On Thursday mornings at Stonebridge we work with a small crew of bartering members in the gardens, doing the tasks for which “many hands make light work.” With the cool weather and wet soil, I hadn’t yet planted gladiolas, but yesterday with the help of two other women—one my age, one twenty years younger—we got them in the ground. Thursdays’ biggest pleasure is the wide-ranging conversation in the field, and yesterday was no exception. As we laughed about the inconsistencies of patriarchal religions that undoubtedly informed our feminist views, we dropped corms into holes spaced three and then two across the bed like cookies on a sheet, but the more we laughed, the more crooked our rows became. Every fifth row or so, we’d have to stop and start again with a straighter line. We planted just over 200 gladiolas, beginning with 60 new bulbs in deep red, violet-blue, and hot pink, and finishing with corms dug last fall and stored in peat moss in the basement. In August, we’ll have a vibrant stand of elegant gladiolas welcoming us to the garden.

Our next task was weeding the long bed of transplanted head lettuce, only a couple weeks away from harvesting. Using our horis—our favorite Japanese digging tools—we weeded with our knees in the clover walkways while sharing stories of our grandmothers, or at least the pieces we know.

With the help of the alumni association at Valparaiso University, I’ve just found my great-grandmother’s name listed in the 1890 Northern Indiana Normal School’s catalogue under the Teacher’s Department pages:

Hunsley, Flora                                           Macon, Illinois

Northern Indiana Normal School catalogue, 1890

Flora Delcina Hunsley had traveled from Decatur, IL, at the age of 22 to get her teaching degree at the same school her brother Jake had attended for music a couple years before. What a thrill to see her name 120 years later, evidence that my great-grandmother was a college graduate and a teacher like me.

That catalogue is one of the few documents we have for Flora’s life; the rest of the story can only be pieced together. At the Normal school, she became friends with Lola Belle Huckleberry, who had a stepbrother named Jasper Lemuel Smith. Although he was 10 years older, Jasper and Flora met, courted, and married after she had taught school for a few years in Illinois.

Flora and Jasper before their marriage

My great-grandparents moved to North Dakota to homestead after Flora’s brother Jake had staked a claim there and her parents, Malinda and Charles, originally from the English county of Lincolnshire, came too. Flora and Jasper raised five children, including my grandfather Kermit, on the Waterloo Farm, named after the family place in England. Their lives were typical of farming families, raising crops and livestock on the windy prairie.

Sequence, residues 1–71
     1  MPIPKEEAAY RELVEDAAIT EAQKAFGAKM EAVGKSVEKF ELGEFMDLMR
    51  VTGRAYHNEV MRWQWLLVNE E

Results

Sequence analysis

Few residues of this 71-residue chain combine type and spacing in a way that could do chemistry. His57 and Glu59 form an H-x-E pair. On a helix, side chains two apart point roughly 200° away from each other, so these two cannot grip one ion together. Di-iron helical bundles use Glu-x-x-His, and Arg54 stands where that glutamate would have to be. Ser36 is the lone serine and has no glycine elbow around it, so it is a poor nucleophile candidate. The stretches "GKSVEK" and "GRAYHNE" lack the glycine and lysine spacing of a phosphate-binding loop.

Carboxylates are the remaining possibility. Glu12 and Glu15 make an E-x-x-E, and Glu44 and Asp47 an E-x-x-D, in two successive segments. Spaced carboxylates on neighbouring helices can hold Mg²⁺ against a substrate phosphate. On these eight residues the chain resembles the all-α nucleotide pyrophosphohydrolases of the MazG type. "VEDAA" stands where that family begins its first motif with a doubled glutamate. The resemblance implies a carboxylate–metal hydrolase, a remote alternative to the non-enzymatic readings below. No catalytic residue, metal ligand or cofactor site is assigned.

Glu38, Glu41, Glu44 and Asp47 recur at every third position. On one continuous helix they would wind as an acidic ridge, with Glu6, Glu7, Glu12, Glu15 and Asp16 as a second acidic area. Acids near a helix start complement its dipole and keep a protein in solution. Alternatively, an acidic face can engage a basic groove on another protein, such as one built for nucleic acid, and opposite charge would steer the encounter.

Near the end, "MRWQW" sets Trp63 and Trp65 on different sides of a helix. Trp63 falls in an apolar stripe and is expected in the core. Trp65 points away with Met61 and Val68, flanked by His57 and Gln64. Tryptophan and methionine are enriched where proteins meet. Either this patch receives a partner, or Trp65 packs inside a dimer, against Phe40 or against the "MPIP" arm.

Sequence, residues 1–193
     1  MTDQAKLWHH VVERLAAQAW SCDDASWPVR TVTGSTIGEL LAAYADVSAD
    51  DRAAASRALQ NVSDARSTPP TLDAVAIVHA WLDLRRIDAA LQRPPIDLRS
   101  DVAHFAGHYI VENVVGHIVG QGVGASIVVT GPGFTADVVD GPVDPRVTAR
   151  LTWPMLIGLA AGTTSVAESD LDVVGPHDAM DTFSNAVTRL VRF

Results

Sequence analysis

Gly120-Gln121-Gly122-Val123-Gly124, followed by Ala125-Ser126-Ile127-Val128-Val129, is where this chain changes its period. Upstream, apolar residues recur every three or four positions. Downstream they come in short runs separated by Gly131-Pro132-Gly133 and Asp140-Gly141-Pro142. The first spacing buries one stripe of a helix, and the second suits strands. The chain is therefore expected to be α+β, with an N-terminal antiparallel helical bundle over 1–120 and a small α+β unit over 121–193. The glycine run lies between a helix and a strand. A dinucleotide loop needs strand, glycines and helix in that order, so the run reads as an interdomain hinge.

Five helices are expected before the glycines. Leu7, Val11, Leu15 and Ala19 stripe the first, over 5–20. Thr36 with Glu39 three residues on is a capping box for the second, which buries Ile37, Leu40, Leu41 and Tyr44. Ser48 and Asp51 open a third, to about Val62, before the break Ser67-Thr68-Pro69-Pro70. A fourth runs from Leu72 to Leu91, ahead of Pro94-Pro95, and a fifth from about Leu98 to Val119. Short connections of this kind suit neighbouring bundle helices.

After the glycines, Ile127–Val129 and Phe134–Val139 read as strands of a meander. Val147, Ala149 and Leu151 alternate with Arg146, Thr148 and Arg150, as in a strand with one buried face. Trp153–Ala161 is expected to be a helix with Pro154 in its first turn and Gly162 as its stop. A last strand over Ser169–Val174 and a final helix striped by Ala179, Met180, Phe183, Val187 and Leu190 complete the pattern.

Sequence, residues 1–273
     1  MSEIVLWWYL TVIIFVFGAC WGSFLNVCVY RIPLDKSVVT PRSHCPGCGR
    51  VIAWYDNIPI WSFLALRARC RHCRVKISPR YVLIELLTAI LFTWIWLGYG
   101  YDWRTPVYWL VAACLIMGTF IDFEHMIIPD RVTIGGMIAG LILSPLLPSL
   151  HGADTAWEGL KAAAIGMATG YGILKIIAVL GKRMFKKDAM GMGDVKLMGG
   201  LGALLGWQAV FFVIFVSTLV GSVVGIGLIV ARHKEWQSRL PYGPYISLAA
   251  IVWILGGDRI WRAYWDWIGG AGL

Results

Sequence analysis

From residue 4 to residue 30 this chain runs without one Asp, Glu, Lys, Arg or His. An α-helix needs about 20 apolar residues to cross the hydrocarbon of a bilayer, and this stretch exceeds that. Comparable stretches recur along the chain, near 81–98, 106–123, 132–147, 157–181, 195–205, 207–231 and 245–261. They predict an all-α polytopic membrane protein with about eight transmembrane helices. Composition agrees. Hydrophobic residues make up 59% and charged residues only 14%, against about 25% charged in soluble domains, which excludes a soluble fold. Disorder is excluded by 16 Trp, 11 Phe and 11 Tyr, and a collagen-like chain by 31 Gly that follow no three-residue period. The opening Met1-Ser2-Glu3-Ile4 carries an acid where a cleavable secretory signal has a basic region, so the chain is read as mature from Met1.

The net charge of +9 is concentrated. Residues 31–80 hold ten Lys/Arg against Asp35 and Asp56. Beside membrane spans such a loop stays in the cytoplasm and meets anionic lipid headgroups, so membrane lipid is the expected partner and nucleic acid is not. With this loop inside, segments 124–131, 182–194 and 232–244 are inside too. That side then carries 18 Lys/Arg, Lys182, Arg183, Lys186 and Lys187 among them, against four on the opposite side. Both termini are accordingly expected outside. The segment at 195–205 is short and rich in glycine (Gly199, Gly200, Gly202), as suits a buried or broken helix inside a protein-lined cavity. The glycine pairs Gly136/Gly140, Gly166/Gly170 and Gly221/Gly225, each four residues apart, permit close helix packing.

Flora Hunsley on the right with her turkeys

But after their deaths, their children found their parents’ secret in an old trunk: another document–their marriage certificate, dated one year later than the wedding date they’d always claimed. Flora had gotten pregnant before they were married. Since they’d left Illinois, no one but their parents and siblings were the wiser.

Not an unusual story, but I wonder how Flora’s life might have been different without that surprise. She probably would have married her best friend’s stepbrother anyway and as a married woman, would have had to relinquish her teaching position, as they did in those unenlightened days when marriage meant pregnancy and pregnant women in the classroom wouldn’t be proper. She probably would have followed her brother to North Dakota too, just as she followed him to college in Indiana.

But I like to think that she never entirely forgot those days of relative freedom with friends, going to classes and living away from her family. When my aunt was born, my grandparents named her Lola after Flora’s best friend. A college picture tucked into my aunt’s baby book shows the two of them in black dresses with buttoned bodices, their aspirations still ahead of them.

Flora seated with Lola in the middle behind her

It’s a good story and I’m sorry I never met Flora, but I’m happy that I’ve followed in her teaching and farming footsteps. I can’t help but think of Alice Walker’s influential essay “In Search of Our Mother’s Gardens,” in which Walker writes of “Sainted” and “crazy” Black foremothers who, denied legal, economic, and political power, still told stories and planted gardens and pieced quilts of “powerful imagination and deep spiritual feeling”: “And so our mothers and grandmothers have, more often than not anonymously, handed on the creative spark, the seed of the flower they themselves never hoped to see: or like a sealed letter they could not plainly read.” If you haven’t read Walker’s essay lately, you should.

These are the stories we tell as we weed lettuce and plant gladiolas and plot the trajectories of our lives. As we search for our mother’s and grandmother’s and great-grandmother’s gardens, what better place to start than our own?

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Filed under memoir, sustainable agriculture, women's writing